On the evening of the final day of IPC India, pull a white plastic chair out from under the thatch roof of a makeshift classroom and set it along the edge between a garden and a path. Have a seat as the sun sets and the evening stirs. Departure tends to begin before we notice, drawing attention inward before heaving and arcing out from the center. Clusters have formed, and invisible networks have been laid like buried fiber optics to ensure connectivity—but the true test of c
Make: to form (something) by putting parts together or combining substances; to construct or create. Shift: from Old English sciftan ‘arrange, divide, apportion,’ related to German schichten ‘to layer, stratify.’ To makeshift is to build—from what is readily available—something temporary; to build by layers, combining existing materials in planned obsolescence. The elements, briefly constructing a whole, are designed to return to the essence of their parts. To the casual pass
We are asked to take a moment. Lower your hand to the ground. Run your fingers through the dry grass or press them into the loose clay. Pick out small fragments of wood, stone, and chaff, and roll them across your palm. Wherever you are from, and whether you hold an intimate knowledge of your ancestors or not, turn your mind to those who came before you—who are responsible in a literal way for your being here today. On what land did they live? How did they interact, inform, a
Twenty-five year old Wycliffe Otieno of Kenya, Africa runs a youth center in his community where he trains youth to incorporate permaculture-inspired principles on their family farms. Using theater and dancing as storytelling and teaching techniques, Wycliffe emphasizes a "youth agenda" to ensure that the younger generation leaves their land better than they inherited it. You can reach Wycliffe at email@example.com http://www.sharepeacepermaculture.blogspot.in/ #ipc
Small and Slow Solutions Waking in the early hours of the morning, the music of rural India pocks the morning soundscape: a chorus of warbling birds from the tall grasses of a nearby lake; the crackle of a wood fire heating metal buckets of water for morning baths; and the splash of that warm water scooped from a bucket, poured over the body, and then crashing down upon the concrete slab floor of a bamboo-sheeted outdoor shower.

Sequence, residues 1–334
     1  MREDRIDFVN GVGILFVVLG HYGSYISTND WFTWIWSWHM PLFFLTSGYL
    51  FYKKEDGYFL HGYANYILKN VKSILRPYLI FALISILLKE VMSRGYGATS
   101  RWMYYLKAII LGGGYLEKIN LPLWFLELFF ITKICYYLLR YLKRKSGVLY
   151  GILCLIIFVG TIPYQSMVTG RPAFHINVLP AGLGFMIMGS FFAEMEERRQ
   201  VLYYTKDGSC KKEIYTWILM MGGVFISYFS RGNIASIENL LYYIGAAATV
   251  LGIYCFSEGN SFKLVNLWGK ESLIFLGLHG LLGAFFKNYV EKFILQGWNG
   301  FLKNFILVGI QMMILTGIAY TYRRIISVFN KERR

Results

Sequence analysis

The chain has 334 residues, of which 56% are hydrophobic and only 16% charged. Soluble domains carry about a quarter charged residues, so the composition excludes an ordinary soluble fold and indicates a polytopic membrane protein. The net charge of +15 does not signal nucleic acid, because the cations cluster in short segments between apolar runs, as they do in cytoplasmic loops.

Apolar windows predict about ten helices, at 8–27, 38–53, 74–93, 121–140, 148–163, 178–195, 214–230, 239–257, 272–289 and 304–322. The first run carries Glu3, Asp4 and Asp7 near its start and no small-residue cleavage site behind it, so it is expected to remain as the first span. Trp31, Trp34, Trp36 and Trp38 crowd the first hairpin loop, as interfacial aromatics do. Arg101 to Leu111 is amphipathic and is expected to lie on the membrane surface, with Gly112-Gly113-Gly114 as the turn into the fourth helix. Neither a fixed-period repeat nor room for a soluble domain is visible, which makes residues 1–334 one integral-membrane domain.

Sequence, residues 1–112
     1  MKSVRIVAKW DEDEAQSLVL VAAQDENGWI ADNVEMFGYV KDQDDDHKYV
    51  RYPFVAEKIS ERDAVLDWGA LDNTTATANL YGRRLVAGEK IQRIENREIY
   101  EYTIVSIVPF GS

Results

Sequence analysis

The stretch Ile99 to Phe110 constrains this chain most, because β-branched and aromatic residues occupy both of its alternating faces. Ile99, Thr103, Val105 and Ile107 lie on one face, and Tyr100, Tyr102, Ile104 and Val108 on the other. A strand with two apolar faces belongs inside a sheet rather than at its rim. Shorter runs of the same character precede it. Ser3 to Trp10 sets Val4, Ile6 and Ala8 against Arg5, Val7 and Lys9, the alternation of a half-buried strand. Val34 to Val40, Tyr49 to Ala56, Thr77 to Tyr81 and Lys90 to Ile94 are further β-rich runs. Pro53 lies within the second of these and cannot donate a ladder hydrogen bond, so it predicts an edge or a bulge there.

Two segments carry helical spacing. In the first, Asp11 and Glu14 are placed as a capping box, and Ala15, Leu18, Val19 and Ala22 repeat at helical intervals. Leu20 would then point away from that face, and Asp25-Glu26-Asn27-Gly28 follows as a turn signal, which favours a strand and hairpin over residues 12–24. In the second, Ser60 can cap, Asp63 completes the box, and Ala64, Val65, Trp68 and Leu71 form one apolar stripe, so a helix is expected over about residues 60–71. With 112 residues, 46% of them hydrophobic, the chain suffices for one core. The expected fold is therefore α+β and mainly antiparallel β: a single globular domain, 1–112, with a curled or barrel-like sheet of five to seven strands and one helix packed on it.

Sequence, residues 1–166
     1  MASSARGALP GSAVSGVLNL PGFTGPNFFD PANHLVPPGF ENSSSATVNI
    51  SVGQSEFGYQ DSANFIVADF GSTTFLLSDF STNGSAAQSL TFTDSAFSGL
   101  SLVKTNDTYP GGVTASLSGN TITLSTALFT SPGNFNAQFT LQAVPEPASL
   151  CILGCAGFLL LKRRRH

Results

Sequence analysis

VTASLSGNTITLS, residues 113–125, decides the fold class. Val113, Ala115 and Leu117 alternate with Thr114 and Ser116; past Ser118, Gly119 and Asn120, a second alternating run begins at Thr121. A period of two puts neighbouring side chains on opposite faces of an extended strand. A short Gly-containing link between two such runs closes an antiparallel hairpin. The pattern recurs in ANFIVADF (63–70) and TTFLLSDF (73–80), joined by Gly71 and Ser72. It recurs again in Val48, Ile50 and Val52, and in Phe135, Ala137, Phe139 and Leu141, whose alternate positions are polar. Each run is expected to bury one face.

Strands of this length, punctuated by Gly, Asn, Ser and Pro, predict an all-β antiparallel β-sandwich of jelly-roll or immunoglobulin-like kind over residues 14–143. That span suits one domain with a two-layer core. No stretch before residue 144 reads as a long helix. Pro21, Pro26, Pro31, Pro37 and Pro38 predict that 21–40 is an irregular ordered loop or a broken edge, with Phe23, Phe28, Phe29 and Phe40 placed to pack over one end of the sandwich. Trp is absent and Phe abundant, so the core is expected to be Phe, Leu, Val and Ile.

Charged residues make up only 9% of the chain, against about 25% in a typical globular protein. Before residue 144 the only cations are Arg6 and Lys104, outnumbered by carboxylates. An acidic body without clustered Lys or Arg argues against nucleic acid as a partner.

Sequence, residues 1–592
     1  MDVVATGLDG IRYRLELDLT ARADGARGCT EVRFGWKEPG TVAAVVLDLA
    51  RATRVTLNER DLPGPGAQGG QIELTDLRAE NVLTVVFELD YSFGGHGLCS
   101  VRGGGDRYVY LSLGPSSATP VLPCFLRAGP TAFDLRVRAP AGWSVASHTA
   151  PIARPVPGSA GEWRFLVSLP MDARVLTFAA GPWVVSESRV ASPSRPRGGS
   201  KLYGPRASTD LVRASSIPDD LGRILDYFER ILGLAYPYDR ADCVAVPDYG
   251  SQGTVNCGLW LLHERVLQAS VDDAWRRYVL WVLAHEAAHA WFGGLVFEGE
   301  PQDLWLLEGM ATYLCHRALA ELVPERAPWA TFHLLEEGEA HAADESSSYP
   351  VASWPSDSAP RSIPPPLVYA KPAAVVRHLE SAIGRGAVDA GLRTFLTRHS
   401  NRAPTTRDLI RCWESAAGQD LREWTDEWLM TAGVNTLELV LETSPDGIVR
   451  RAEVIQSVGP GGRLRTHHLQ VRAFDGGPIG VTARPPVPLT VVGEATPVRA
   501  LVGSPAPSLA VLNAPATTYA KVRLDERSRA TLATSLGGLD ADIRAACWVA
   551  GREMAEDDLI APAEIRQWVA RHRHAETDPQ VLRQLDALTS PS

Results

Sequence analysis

The press of cold nights and hot days carries
Patterns to Details The Conference came to a ceremonious close last evening, with all in attendance gathering on stage to celebrate the hard work of the event's volunteer organizers and supporters. The evening concluded with a series of regional cultural performances, including a presentation of classical Sufi music and storytelling.
Several songs from regions across India were shared. A particularly memorable piece told the tale of a farmer lamenting the loss of his crops t
Observe and Interact. India presents an iteration of spatial awareness unfamiliar to the Western world. Collision and contact increase—physically, socially, emotively—in disrupting and enlivening ways.
Moving around—and travel more generally—opens a range of sensory experience. Packed like sardines in crushed tin cans, we shuffle about as though the will of some greater force demands that we know our neighbor.
But more essential than collision is proximity. We move like f